The 1984-89 Carrera, as the final iteration of the original “widebody” normally-aspirated 911, is a good choice for someone looking for an affordable sports car coupled with a high degree of refinement, reliability and sparkling performance.
Comparisons to the 1978-83 911SC are natural, as they share nearly identical bodies and interiors. But the Carrera has many significant improvements, starting with a 3.2 rather than a 3.0-liter engine. The Achilles heel of the 911 engine-hydraulic chain tensioner failure-was solved in Read More
The Triumph TR3 may be the last real bargain among English sports cars. For reasons Triumph lovers can’t understand but don’t complain much about, these cars never caught the tide that swelled prices of Austin-Healeys and Jaguars. Nevertheless, the TR3 offers all the quirky touches so dear to an Anglophile’s heart, is capable of hearty performance on secondary roads and interstate speed when necessary, and attracts a large and loyal following of enthusiastic owners.
The prototype Triumph was introduced Read More
In April 1964, Ford introduced the Mustang and started the pony car era. It set sales records that have yet to be broken and caught the powers-that-be at General Motors completely off guard, as they had nothing in their line-up that could compete.
A contingent within Chevrolet wanted to counter with a modified Chevy II but saner heads prevailed and the Panther Project, later named the Camaro, was initiated. Introduced a little Read More
630 (1977), 633 (1978-84), 635 (1985-89)
As the logical extension of the exquisite 2800/3.0 CS coupes, the 6 Series brought the new look of the 7 Series to BMW’s large two-door grand touring machine. Even more than the earlier coupes, the 6 Series traded tossability for comfort, sophistication and
The 3.3- and 3.5-liter straight sixes brought a worthwhile improvement in torque over the 3-liter. As you would expect from Read More
The Alfa Romeo Duetto Spider, introduced in 1966, continued in production until Alfa withdrew from the US market after 1994. A 28-year run for one model is a notable accomplishment, similar to the Model T and VW Beetle.
The original Duetto (a name which Alfa only officially used for the 1967 models) drew mixed reviews. For the US 1971 model year, the delicate tail was cut off. However, the basic “Kamm-tail” bodywork remained (with front and rear spoilers added Read More
The introduction of the MGC is a tribute to how royally confused British Motor Holdings had become by the mid-’60s. The Austin-Healey, introduced in 1952, was getting long in the tooth by 1964, even with its new convertible top and roll-up side windows. Marketing managers also recognized that there was a slot in the market for a car that would be faster than the MGB, but with the same comforts. In typical fashion, the company ended up with the Read More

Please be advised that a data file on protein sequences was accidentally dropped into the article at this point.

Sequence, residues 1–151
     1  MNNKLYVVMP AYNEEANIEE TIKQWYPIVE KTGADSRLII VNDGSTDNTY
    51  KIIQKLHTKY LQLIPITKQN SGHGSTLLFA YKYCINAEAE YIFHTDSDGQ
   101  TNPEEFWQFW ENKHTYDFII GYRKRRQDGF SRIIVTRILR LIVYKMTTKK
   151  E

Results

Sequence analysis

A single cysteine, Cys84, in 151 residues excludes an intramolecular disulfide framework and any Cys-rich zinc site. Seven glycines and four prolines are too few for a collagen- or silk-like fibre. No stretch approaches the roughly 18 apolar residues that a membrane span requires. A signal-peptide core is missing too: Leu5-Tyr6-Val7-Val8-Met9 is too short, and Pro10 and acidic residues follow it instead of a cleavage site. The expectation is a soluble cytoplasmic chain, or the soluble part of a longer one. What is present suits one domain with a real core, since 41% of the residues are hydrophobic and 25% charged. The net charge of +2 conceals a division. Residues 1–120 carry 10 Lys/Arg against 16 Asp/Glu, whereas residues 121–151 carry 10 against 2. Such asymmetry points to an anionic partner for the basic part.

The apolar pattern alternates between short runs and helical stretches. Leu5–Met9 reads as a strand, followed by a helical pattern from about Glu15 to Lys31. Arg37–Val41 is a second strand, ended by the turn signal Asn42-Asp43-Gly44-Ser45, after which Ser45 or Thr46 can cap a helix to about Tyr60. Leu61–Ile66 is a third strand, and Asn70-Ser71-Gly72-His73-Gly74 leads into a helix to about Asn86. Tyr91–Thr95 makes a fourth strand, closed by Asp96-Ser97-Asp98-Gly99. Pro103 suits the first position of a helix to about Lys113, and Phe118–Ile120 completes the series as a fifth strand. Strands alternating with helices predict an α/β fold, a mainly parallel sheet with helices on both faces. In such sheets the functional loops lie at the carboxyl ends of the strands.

Renzo Rivolta made a considerable fortune following World War II. He also loved cars. In the early ’60s, he became a victim of the popular musing that begins with, “Let’s marry a sophisticated European chassis and coachwork with a cheap, reliable, and powerful American V8.”
Giotto Bizzarini, father of the 250 SWB and the immortal 250 GTO, left Ferrari at the end of 1961 following a major clash of egos. Giotto met Renzo, and the Iso Rivolta was born. Read More
Born out of desperation and existing in chaos, it is surprising that the Jensen-Healey and Jensen GT came into being at all. That today, thirty years later, they can be inexpensive and thoroughly enjoyable cars to own and drive is nothing short of amazing. And yet they are. If the original Lotus engine is in good shape, the body sound, and the suspension has benefited from a few judicious tweaks, the Jensen-Healey roadster is reliable and comfortable for long-distance Read More
In the mid-’70s, emissions regulations caused engineers at General Motors and elsewhere to spin their wheels (without horsepower) trying to make old-technology engines burn clean. They did it by robbing vast amounts of performance. To keep selling cars, they had to offer something new to the public. It wasn’t ponies, it was styling.
1978 was the 25th anniversary of the Corvette, and all 1978 Corvettes received 25th anniversary badges. The car had a new “fastback” rear window that provided Read More
The Alfa Romeo GTV-6 was produced at a time when Alfa Romeo was hemorrhaging money. Yet, the engineers at Alfa managed to create one of the most sophisticated sports cars of its era. An all-alloy SOHC V6 engine driving a rear five-speed transaxle with deDion suspension is world-class engineering. This was also the last two-door sports coupe Alfa imported into the US before its retreat from the market in 1995.
Alfa wanted its new car to be bug-free, so Read More